Elijah’s recovering well. He’s more than 48 hours post op. His ventilation settings are reducing, he may come off the ventilator onto CPAP again this weekend. His catheter is out, he’s regulating his own blood pressure, and calm in himself. He has a new long line in his right leg, and has just started his TPN feeding through that line, via a combination of drip and syringe driver. This will go on 24 hrs a day from now until… I’m not exactly sure when, possibly beyond his first birthday. I’ve asked several questions about feeding – thoughts jump into my head, I ask a question, my cogs go round, I rapidly forget the original question and or lose the thread of what they’re saying. The children’s hospital will take us on after Jessops boot us out, they’ll deal with the longer term feeding issues. We’re still living day to day, but thoughts of possible long term issues are creeping on in. ‘How do you feed/deal with a baby who’s crawling while attached to a drip?’ I didn’t get a definitive answer.
I am still expressing milk every 3 hours. I do it in a small windowless room where I can lock myself away. I have to label each bottle with the mothers name, baby’s name the date and time. Since Saturday night when things started going wrong, every 3 hours (apart from middle of the night) I’ve been able to hide away for 20 mins, emerge again and fill in a label that connects me to him, write the advancing date and time, and think ‘we’re still here Elijah, we’re still here.’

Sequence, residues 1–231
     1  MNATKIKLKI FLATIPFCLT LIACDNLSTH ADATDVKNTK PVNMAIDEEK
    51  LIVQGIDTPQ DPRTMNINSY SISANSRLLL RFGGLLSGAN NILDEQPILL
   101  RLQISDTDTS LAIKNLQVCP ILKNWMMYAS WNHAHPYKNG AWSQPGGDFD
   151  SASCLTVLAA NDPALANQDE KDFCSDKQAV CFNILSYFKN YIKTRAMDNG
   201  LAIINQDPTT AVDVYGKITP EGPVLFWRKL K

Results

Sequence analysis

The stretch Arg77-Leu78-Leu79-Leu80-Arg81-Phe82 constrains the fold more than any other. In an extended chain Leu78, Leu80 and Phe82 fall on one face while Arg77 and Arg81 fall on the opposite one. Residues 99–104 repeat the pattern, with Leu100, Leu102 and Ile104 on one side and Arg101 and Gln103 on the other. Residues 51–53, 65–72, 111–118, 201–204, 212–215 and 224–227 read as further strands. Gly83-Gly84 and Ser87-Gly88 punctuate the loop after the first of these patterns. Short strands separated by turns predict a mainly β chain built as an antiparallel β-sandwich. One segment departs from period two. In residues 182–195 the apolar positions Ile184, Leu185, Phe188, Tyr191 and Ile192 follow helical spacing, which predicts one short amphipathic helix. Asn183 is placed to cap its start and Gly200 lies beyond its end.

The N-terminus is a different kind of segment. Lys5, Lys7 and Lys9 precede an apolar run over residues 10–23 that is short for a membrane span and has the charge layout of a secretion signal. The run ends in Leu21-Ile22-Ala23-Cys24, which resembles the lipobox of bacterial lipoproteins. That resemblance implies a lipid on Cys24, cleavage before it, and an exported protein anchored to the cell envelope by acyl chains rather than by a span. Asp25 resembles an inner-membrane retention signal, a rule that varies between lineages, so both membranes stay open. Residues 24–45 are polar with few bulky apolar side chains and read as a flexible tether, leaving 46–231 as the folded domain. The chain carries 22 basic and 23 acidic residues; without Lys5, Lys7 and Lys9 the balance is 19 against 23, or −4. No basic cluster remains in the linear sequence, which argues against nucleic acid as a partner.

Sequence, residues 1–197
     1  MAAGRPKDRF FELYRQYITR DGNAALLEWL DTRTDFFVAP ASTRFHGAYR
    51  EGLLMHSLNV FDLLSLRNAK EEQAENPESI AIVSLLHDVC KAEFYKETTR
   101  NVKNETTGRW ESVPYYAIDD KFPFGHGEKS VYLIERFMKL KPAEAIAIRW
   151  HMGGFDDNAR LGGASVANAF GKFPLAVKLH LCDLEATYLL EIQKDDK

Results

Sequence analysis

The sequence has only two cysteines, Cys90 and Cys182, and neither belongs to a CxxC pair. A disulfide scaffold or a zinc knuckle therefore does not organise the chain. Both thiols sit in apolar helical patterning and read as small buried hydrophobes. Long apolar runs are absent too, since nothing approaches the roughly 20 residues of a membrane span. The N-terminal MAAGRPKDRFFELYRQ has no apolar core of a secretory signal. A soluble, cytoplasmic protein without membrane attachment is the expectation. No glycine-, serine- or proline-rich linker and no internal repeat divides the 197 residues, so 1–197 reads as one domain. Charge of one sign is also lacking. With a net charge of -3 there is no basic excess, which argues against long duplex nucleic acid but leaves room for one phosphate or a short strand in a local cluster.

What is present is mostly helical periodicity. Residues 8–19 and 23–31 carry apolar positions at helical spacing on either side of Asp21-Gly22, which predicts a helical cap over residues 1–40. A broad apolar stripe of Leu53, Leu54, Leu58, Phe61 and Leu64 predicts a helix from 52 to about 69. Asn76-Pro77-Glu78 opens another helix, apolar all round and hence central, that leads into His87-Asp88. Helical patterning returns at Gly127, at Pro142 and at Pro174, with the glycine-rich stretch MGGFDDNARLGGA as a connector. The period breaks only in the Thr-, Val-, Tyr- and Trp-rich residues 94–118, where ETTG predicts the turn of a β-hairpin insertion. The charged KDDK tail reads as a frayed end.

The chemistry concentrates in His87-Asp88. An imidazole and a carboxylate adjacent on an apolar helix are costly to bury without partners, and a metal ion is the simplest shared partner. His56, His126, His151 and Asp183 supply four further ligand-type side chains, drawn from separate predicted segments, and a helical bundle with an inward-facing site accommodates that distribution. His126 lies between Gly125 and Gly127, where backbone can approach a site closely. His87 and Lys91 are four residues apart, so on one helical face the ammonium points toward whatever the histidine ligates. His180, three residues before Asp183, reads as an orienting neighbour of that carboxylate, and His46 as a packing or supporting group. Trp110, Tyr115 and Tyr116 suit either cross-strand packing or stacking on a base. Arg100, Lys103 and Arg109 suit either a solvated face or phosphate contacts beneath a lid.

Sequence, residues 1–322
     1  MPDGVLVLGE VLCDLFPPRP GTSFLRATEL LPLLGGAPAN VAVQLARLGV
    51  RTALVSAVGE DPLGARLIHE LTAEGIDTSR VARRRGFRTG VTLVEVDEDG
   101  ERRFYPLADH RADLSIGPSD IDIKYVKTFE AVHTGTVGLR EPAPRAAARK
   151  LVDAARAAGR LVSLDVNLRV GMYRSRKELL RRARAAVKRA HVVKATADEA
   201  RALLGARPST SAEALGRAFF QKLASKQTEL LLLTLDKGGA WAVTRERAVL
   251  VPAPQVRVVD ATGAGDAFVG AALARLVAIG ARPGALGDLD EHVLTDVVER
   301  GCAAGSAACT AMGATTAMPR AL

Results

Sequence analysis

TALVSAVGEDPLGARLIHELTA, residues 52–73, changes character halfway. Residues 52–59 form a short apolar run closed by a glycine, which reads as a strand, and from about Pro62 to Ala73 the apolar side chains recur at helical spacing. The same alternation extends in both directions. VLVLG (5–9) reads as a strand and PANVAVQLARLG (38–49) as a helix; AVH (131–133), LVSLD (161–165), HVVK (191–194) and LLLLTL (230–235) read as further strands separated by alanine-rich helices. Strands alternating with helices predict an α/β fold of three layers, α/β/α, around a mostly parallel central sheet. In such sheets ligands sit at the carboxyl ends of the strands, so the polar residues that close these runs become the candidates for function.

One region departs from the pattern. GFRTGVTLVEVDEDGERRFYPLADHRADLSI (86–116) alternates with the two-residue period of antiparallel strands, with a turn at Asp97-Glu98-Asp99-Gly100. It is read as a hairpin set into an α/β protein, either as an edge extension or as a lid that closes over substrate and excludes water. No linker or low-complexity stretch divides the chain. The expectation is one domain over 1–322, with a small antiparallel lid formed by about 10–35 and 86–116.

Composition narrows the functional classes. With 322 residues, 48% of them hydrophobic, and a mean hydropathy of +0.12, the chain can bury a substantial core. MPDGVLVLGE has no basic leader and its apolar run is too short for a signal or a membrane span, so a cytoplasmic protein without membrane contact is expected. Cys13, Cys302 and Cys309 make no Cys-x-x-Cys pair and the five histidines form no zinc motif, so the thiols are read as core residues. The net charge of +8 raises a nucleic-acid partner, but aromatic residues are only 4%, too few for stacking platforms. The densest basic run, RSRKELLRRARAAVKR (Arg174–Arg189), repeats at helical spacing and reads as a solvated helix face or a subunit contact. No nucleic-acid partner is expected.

He’ll barely need/be allowed any milk because he doesn’t have enough gut to process it, he’ll be allowed a ml an hour initially via NG, and this will increase incredibly slowly as the year progresses, if his gut grows/adapts or tolerates it. The TPN will sort him out for all nutrition. I have no idea at what point his mouth is allowed to get involved. I’ll ask that tomorrow.
His scar and stomas are healing. I’m not exaggerating when I say it’s 8cm wide. It’s from one side to the other. ‘A little like he’s had a Caesarian,’ I say. Cue the jokes about him not being able to Hoover for 6 weeks. But I’ve never had a Caesarian, so I’m told proportionately his is bigger than that. As our friends Anna and Andrew say, ‘chicks dig scars.’
We both dared leave him this evening to see Jonah and Amos. Jonah was weepy, and I think just wants a bit of normality. Amos just said to me, ‘duh, you don’t have to cry about it.’ they’ll be fine, and are being very well looked after by Grandparents. It was hard to see them and come away again, but as things settle we’ll get into a rhythm and routine.
I could write and write and write about all that’s going on in our hospital cocoon, But it’s late.
Our friend Liz shared this link with me today: it doesn’t half sum up the love, care and emotion the staff have ploughed into us and others on the unit in the last month.
nursing the nation